The Centers for Disease Control and Prevention (CDC) report, as of March 2015, that falls are the "leading cause of both fatal and nonfatal injuries" among older adults. Further, "in 2013, about 25,000 older adults died from unintentional fall injuries." The CDC describes outcomes that include traumatic brain injury, hip fractures, and other broken bones.
A fall can literally be the beginning of the end for otherwise healthy, older adults. A fall can bring about the end of independent living. It can create the conditions for other chronic diseases, illnesses that might not have been present before the fall, to emerge. It can change senior citizens' quality of life for the rest of their lives, even if they survive the actual fall.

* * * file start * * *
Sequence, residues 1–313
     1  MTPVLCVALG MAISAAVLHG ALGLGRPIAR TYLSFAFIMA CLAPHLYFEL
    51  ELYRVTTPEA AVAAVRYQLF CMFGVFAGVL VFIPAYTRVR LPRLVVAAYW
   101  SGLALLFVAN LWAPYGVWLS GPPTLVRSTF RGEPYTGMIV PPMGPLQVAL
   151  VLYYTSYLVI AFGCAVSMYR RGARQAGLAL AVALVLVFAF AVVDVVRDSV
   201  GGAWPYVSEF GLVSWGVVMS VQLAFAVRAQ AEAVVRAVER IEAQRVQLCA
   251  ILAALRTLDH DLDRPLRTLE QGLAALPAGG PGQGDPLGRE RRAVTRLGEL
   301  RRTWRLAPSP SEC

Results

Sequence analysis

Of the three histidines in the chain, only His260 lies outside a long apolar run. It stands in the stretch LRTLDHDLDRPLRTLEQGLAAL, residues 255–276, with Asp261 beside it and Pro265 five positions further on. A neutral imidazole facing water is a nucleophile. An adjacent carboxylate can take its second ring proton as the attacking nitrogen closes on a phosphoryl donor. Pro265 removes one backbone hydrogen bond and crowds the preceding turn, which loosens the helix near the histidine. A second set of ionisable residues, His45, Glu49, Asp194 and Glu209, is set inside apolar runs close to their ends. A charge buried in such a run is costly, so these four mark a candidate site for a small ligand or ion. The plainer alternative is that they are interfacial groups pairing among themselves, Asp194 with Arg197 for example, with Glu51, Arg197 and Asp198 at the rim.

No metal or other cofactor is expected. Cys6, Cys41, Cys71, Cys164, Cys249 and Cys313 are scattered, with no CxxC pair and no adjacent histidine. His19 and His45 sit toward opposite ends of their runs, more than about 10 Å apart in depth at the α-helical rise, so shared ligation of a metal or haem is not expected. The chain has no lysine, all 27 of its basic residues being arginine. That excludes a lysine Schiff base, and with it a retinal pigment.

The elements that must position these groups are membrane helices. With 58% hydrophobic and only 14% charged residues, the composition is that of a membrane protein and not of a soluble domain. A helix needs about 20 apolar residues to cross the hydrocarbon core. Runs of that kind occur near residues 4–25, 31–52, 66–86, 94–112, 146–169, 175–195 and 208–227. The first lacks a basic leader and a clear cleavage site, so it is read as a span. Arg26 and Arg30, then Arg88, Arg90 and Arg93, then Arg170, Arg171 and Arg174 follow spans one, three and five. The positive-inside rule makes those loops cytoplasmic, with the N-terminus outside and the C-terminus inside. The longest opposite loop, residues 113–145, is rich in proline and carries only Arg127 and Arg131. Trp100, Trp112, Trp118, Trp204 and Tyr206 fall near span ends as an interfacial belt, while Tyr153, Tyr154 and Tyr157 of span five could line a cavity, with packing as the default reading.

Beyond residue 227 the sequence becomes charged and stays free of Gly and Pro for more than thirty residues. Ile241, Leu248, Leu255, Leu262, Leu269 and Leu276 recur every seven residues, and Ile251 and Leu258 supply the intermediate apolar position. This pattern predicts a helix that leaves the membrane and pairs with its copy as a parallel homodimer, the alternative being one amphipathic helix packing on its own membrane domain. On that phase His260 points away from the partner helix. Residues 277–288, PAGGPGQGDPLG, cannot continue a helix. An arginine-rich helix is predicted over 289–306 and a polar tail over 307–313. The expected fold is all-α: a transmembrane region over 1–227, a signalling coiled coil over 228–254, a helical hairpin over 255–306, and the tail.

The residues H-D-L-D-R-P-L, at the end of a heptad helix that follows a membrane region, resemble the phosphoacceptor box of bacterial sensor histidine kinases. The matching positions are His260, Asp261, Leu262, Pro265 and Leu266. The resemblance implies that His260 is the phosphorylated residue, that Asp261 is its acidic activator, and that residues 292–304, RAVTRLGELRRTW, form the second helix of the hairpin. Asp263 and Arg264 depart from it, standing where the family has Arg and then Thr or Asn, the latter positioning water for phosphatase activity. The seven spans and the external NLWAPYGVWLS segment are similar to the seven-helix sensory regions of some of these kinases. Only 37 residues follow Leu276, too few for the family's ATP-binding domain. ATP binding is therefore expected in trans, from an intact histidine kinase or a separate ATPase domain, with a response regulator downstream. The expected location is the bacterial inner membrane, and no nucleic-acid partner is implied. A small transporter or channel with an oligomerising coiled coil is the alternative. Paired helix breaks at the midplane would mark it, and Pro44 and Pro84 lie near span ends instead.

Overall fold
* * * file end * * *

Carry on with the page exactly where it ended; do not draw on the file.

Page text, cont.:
But as the CDC and so many other authorities point out, falls are preventable. Yes, falls are accidents, but accidents can sometimes be avoided. Visit the CDC's page on falls and fall prevention for more information. The National Institute on Aging (NIH) also has good information about fall prevention, including tips on making homes safe for older adults.
Want to connect with a community-based falls prevention program in Tennessee?
Contact the Tennessee Falls Prevention Coalition through Anna Lea Cothron at firstname.lastname@example.org.
Source URL: http://www.cdc.gov/homeandrecreationalsafety/falls/adultfalls.html
Source Agency: Centers for Disease Control and Prevention (CDC)
Reference Date: 2015-07-02